5. 5. International Journal of Advanced Research in Engineering and Technology (IJARET), ISSN 0976 – 6480(Print), ISSN 0976 – 6499(Online) Volume 5, Issue 2, February (2014), pp. 101-108, © IAEME 105 In [12], Hany Farid proposes a technique to detect whether the part of an image was initially compressed at a lower quality than the rest of the image, which is applicable to images of high and low quality as well as resolution. This concept mainly depends upon the following basis. When creating a digital forgery, it is often necessary to combine several images, for example, when compositing one person’s head onto another person’s body. If these images were originally of different JPEG compression quality, then the digital composite may contain a trace of the original compression qualities, where the above approach comes into existence. The drawback of this method is that the complexity of the analysis is very high. Another limitation is that it is only effective when the tampered region is of lower quality than the image into which it was inserted. The advantage of this approach is that it is effective on low-quality images and can detect relatively small regions that have been altered. Wei et.al [7] proposed a spliced image detection technique based on the Markov features in DCT and DWT domain. The proposed feature vector consists of two kinds of Markov features generated from the transition probability matrices, say the expanded Markov features in DCT domain and the Markov features in DWT domain. The former one is developed to capture the correlation between DCT coefficients, while the latter one is to characterize the dependency among wavelet coefficients across positions, scales and orientations. Then, more features are constructed in DWT domain to characterize the three kinds of dependency among wavelet coefficients across positions, scales and orientations. After that, feature selection method SVM-RFE is used to fulfill the task of feature reduction, making the computational cost more manageable. At last, the final dimensionality- reduced feature vector is used for image splicing detection with SVM as the classifier. Liu et.al [15] discusses a concept about spliced image detection using artificial blurred boundary based on image edge analysis and blur detection. In this proposal, the image edges are divided into three types based on the coefficients of the non-subsampled contourlet transform. And, the six-dimensional feature of each edge point is extracted, which is composed of two non- subsampled contourlet coefficients and four statistics based on the phase congruency. Then, three support vector machines for each edge type are trained and used to detect the blurred edge points. And, the local feature is defined to distinguish artificial blurred edge points from defocus ones. The proposed method can be used to detect either the image blur or the image splicing with artificial blurred boundary. The drawback of this method is that its accuracy cannot be guaranteed, when it comes to high percentage of people’s participation. Another concept introduced by Mahdian and Saic [13] deals with cyclostationary analysis, where the geometric transformation is considered. This makes possible employing the well– developed theory and efficient methods of cyclostationarity for blind analyzing of history of images with respect to geometrical transformations. To verify this, a cyclostationarity detection method is also proposed, and the traces of geometrical transformations in an image can be shown to be detected and the specific parameters of the transformation estimated. The method is based on the fact that a cyclostationary signal has a frequency spectrum correlated with a shifted version of itself. The visibility of peaks depends upon the characteristics of the image, and detection of down-sampled images cannot be accurate. Kaiming and Christoph in [14] introduce a concept of alpha matting. Alpha matting refers to the problem of softly extracting the foreground from an image. Given a tri-map (specifying known foreground/background and unknown pixels), a straightforward way to compute the alpha value is to sample some known foreground and background colors for each unknown pixel. Existing sampling- based matting methods often collect samples near the unknown pixels only. They fail if good samples cannot be found nearby. In this paper, a global sampling method is proposed that uses all samples available in the image. A simple but effective cost function is defined to tackle the ambiguity in the sample selection process. To handle the computational complexity introduced by the large number of samples, the sampling task is posed as a correspondence problem. The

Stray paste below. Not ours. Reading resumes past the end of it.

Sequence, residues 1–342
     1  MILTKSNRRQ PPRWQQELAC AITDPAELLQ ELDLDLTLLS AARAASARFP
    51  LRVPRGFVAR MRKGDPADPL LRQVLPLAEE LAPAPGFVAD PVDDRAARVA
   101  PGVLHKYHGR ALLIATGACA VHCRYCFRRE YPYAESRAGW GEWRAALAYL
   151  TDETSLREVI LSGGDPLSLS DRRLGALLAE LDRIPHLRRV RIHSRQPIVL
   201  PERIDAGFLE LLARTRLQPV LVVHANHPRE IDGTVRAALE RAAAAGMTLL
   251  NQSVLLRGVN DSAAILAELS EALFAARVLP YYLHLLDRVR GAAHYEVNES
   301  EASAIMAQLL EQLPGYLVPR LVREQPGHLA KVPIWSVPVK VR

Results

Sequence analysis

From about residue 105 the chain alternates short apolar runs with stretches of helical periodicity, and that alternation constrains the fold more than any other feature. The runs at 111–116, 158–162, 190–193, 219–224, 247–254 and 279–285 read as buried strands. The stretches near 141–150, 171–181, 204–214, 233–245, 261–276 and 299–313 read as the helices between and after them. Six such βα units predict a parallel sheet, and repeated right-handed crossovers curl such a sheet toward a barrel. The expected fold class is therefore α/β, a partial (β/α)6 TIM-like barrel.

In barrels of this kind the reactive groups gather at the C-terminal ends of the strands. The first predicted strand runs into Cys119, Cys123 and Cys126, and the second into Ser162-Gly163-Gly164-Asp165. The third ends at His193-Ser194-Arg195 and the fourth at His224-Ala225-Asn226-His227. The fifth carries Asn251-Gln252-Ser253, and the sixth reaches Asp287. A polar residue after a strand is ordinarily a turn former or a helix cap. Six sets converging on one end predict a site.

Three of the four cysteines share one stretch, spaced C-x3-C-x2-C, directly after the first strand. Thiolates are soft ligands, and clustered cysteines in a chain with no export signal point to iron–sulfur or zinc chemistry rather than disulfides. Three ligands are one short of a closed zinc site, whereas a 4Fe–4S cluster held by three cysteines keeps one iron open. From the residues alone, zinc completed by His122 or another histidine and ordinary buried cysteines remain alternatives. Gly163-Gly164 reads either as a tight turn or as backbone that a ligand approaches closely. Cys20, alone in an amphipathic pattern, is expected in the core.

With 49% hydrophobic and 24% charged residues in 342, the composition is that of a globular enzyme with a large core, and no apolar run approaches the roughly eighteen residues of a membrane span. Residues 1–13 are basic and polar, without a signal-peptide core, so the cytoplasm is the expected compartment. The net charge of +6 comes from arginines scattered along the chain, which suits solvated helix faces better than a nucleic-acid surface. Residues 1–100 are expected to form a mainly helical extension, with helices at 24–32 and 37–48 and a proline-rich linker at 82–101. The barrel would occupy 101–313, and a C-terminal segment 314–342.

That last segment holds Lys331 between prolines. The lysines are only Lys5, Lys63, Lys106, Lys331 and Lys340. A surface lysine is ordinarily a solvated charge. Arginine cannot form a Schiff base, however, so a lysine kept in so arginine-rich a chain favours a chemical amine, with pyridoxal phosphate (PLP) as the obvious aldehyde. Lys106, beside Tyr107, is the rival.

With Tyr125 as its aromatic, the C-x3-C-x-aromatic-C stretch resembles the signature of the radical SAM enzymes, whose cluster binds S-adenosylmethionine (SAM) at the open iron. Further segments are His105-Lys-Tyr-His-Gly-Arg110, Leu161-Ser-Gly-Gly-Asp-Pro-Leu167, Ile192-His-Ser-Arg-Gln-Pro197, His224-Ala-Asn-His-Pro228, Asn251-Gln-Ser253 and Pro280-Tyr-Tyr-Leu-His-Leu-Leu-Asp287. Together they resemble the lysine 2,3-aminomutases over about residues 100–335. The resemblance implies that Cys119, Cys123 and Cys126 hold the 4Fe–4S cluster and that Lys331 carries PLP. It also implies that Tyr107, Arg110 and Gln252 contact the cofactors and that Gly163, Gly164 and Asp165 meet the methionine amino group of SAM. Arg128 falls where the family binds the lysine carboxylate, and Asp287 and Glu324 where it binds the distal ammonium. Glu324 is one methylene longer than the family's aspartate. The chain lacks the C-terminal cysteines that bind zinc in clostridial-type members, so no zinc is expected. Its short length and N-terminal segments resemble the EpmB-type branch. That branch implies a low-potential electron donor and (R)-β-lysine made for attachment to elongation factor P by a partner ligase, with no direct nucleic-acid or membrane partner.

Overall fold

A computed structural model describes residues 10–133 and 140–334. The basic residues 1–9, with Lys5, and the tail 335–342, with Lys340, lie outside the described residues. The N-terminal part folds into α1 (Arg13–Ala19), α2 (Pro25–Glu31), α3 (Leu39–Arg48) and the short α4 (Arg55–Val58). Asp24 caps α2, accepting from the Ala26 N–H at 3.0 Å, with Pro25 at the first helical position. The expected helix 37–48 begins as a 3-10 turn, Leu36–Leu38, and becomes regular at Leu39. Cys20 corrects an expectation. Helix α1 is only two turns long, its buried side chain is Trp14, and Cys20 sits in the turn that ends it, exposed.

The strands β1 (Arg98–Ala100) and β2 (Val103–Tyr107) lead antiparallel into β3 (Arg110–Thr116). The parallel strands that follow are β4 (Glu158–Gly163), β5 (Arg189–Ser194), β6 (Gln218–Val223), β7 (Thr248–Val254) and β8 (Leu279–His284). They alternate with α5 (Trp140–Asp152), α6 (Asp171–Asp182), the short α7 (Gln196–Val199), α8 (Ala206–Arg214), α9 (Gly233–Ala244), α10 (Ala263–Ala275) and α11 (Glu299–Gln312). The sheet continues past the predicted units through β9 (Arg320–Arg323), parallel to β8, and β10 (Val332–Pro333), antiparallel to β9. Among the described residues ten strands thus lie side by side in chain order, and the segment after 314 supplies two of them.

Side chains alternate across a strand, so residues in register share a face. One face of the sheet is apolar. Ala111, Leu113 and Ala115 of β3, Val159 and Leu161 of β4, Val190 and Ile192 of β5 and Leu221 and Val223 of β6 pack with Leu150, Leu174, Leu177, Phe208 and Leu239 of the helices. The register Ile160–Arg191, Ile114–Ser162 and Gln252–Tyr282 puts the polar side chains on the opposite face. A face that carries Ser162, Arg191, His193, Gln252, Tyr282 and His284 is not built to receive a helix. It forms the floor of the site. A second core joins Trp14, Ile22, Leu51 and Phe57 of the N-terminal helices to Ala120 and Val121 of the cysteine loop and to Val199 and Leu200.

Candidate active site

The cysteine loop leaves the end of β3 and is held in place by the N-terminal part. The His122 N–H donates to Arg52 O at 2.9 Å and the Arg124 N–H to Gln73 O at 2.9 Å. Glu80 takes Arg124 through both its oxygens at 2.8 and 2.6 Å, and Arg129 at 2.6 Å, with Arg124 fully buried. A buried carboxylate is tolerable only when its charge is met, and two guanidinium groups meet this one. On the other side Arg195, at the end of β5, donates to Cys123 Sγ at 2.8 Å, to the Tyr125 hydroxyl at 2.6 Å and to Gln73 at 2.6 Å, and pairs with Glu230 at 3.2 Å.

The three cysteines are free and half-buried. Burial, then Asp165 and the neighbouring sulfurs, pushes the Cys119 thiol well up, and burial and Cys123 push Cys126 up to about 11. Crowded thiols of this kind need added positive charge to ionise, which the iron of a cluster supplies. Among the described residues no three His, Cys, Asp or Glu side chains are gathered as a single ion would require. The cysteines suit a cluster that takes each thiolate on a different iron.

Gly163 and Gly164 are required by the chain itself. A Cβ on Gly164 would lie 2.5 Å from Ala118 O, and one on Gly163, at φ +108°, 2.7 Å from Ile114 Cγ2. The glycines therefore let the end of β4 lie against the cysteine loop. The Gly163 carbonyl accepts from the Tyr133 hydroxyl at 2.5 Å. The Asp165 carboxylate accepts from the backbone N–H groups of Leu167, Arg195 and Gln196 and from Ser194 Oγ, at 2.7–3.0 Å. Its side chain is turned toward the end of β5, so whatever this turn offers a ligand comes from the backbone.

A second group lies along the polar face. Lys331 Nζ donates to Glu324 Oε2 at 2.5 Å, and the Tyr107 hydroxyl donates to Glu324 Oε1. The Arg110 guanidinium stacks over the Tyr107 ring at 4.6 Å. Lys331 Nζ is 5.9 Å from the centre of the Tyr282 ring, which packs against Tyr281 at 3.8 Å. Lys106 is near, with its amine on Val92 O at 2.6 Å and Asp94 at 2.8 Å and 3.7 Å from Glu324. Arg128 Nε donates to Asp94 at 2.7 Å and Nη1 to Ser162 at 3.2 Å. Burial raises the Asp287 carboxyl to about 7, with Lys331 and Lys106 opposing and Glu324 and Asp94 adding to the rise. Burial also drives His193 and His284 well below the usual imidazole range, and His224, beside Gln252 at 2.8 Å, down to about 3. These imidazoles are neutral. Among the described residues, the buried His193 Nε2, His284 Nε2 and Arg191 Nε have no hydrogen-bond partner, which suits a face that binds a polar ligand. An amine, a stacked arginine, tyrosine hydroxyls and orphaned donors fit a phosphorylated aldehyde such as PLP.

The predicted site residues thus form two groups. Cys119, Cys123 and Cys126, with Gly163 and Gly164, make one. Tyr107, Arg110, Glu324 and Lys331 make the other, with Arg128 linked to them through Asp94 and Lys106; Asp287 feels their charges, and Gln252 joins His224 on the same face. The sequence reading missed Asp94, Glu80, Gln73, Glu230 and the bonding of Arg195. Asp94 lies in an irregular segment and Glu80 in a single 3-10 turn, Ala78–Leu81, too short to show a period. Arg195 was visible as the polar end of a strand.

6. 6. International Journal of Advanced Research in Engineering and Technology (IJARET), ISSN 0976 – 6480(Print), ISSN 0976 – 6499(Online) Volume 5, Issue 2, February (2014), pp. 101-108, © IAEME 106 correspondence search is efficiently achieved by generalizing a randomized algorithm previously designed for patch matching. This method fails when the sampling selection criteria will not be sufficient to resolve the color ambiguity. This may happen when an unknown pixel can be well explained as a linear combination of two false foreground/background color clusters. Jia et al [2] proposed a method to remove a particular region of interest. In this paper, the problem of natural image matting is formulated as one of solving Poisson equations with the matte gradient field. The approach, called Poisson matting, has the following advantages. First, the matte is directly reconstructed from a continuous matte gradient field by solving Poisson equations using boundary information from a user supplied trimap. Second, by interactively manipulating the matte gradient field using a number of filtering tools, the user can further improve Poisson matting results locally the desired output is obtained. The modified local result is seamlessly integrated into the final result. The limitation is that when the foreground and background colors are very similar, the matting equation becomes ill-conditioned, in which case the underlying structure of the matte cannot be easily distinguished from noise, background or foreground. The second difficulty arises when the matte gradient estimated in global Poisson matting largely biases the true values, so that small regions need to be processed for local refinements in local Poisson matting, which increases user interaction. Last, when the matte gradients are highly interweaved with the gradients of the foreground and background within a very small region. Effective user interaction is an issue in this difficult situation. IV. PROPOSED SYSTEM Each of the different manipulations of images is unique, and so are the techniques to uncover its traces. The proposed method consists of two phases. The system makes use of the artifacts produced by the color filter arrays to detect the tampered regions, effective for cases of both copy- move (region duplication) and image splicing manipulations are performed. The algorithm proposed, takes into consideration the CFA artifacts as the digital fingerprint to check for the authenticity of the image. The second phase consists of removing the forged region from the tampered region by means of applying the poisson matting technique, which utilizes the probability map obtained from the first phase. The probability map is supposed to show the area of possible manipulations in the image. The final output expected would be image from which the tampered region is removed. V. DISCUSSION As forgeries have become popular, the importance of forgery detection is much increased. Although many Image Forgery detection techniques have been proposed and have shown significant promise, robust forgery detection is still difficult. There are at least three major challenges: tampered images with compression, tampered images with noise, and tampered images with rotation. In this some of the papers have been discussed. Forgery detection may be an easy task, if the original version is available. Otherwise, with blind detection, the task may be very challenging. Detection of blurred objects, because of manipulation, is a common problem in different types of forgeries. For the manipulation of images, two types of modifications are applied, namely local and global modifications. Local modifications are usually used in the copy/move forgery or in the case of splicing. For the detection of contrast enhancements that perceptually impact the image, global modifications are usually investigated. Global modifications are predominantly used for illumination and changes in contrast. Fig 2 shows the number of publications in IEEE and Elsevier on Image Forgery Detection Techniques for the past 13 years.